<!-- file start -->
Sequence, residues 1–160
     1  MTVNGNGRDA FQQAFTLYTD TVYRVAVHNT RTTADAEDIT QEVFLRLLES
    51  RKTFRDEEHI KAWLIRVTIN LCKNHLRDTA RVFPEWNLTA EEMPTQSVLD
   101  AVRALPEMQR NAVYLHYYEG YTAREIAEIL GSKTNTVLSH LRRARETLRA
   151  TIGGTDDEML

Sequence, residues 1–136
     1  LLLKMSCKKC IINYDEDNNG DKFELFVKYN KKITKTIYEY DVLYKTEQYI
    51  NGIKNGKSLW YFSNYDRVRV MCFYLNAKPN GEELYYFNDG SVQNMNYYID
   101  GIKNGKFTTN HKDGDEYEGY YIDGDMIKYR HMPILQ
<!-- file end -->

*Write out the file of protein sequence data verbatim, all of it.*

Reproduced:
Sequence, residues 1–160
     1  MTVNGNGRDA FQQAFTLYTD TVYRVAVHNT RTTADAEDIT QEVFLRLLES
    51  RKTFRDEEHI KAWLIRVTIN LCKNHLRDTA RVFPEWNLTA EEMPTQSVLD
   101  AVRALPEMQR NAVYLHYYEG YTAREIAEIL GSKTNTVLSH LRRARETLRA
   151  TIGGTDDEML

Sequence, residues 1–136
     1  LLLKMSCKKC IINYDEDNNG DKFELFVKYN KKITKTIYEY DVLYKTEQYI
    51  NGIKNGKSLW YFSNYDRVRV MCFYLNAKPN GEELYYFNDG SVQNMNYYID
   101  GIKNGKFTTN HKDGDEYEGY YIDGDMIKYR HMPILQ